National Politics

Politics Government Shutdown 411: What changes, what doesn't Government Shutdown 411: What changes, what doesn't
Campers in national parks are to pull up stakes and leave, some veterans waiting to have disability benefits approved will have to cool their heels even longer, many routine food inspections will be suspended and panda-cams will go dark at the shuttered National Zoo.
Politics All atwitter over a stripper and a pol All atwitter over a stripper and a pol
Lynsie Lee, a single, working mom in the Portland area, found herself Wednesday in the national spotlight.

A graduate of Reynolds High School, Lee went to Mt. Hood Community College where she studied philosophy and geology. She’s also smart and funny, which has attracted more than 10,000 followers to her Twitter account.

Her activity there – some 40,000 tweets - also brought her to the attention of a woman making a documentary about Twitter, Follow Friday.

Also in the film are such notables as Ben Smith, editor-in-chief of Buzzfeed and Cory Booker, Mayor of Newark and candidate for the United States Senate.

Lee and Booker tweeted back and forth, sometimes flirtatiously and on Wednesday that became national news.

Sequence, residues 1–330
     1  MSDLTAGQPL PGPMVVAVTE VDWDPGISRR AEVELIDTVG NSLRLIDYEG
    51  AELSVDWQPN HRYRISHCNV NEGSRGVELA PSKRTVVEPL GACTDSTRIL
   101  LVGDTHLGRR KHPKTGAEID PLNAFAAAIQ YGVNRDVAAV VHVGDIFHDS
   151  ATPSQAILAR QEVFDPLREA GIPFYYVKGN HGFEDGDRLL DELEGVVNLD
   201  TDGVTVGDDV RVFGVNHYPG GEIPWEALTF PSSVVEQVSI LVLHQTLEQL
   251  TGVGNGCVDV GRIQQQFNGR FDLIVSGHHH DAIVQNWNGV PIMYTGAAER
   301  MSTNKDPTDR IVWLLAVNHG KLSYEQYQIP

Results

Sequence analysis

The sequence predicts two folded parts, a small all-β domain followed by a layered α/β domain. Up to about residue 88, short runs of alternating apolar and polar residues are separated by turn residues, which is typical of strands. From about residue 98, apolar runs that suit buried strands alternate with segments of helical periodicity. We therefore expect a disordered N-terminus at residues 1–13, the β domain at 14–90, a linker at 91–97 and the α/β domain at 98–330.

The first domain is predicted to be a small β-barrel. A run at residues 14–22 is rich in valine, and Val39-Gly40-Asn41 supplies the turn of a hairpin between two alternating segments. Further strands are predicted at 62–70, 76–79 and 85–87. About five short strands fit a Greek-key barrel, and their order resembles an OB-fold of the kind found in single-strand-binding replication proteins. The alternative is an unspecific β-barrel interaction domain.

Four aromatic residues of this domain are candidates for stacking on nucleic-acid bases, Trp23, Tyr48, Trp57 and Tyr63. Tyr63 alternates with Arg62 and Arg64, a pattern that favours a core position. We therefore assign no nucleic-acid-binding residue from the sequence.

Why?
Politics Army inks new restrictions on soldier tattoos
New recruits would not be allowed tattoos visible below the elbow or knee or above the neckline. Current soldiers would be permitted to keep any tattoos not deemed racist, sexist or extremist.
Politics House votes almost $4 billion a year food stamp cut House votes almost $4 billion a year food stamp cut
Food stamps have figured in Americans' ideas about the poor for decades, from President Lyndon Johnson's vision of a Great Society to President Ronald Reagan's scorn for crooked "welfare queens" and President Bill Clinton's pledge to "end welfare as we know it."
Politics Drug abuse groups: Fed stance on legal pot is wrong Drug abuse groups: Fed stance on legal pot is wrong
Drug abuse prevention groups asked the U.S. Justice Department on Wednesday how it will know whether its acceptance of recreational marijuana laws in Washington and Colorado affects public health.
Politics Original AP story on the 1963 March on Washington Original AP story on the 1963 March on Washington
On Aug. 28, 1963, AP reporter Raymond J. Crowley went to the National Mall and chronicled the March on Washington for Jobs and Freedom, which went on to become one of the most famous political rallies in U.S. history.
Politics States consider regulation of drones in U.S. skies States consider regulation of drones in U.S. skies
Thousands of civilian drones are expected in U.S. skies within a few years and concerns they could be used to spy on Americans are fueling legislative efforts in several states to regulate the unmanned aircraft.